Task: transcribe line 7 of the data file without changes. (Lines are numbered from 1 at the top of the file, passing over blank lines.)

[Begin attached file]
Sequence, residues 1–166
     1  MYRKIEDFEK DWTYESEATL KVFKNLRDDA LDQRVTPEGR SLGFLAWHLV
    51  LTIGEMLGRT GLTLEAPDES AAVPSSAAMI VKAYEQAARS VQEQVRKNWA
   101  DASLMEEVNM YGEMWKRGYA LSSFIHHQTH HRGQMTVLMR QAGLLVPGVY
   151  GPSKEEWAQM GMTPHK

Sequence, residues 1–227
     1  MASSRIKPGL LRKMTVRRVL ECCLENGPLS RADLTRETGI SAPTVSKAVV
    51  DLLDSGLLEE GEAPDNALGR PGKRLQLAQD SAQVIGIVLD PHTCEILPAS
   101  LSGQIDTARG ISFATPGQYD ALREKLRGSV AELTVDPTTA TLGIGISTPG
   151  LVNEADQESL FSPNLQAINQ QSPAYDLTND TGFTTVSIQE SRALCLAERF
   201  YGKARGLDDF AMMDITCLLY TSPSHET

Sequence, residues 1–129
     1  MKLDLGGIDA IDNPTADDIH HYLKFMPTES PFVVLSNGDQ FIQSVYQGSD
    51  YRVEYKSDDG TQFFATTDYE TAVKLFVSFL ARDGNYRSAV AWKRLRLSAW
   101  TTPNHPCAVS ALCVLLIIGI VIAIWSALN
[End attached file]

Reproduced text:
     1  MASSRIKPGL LRKMTVRRVL ECCLENGPLS RADLTRETGI SAPTVSKAVV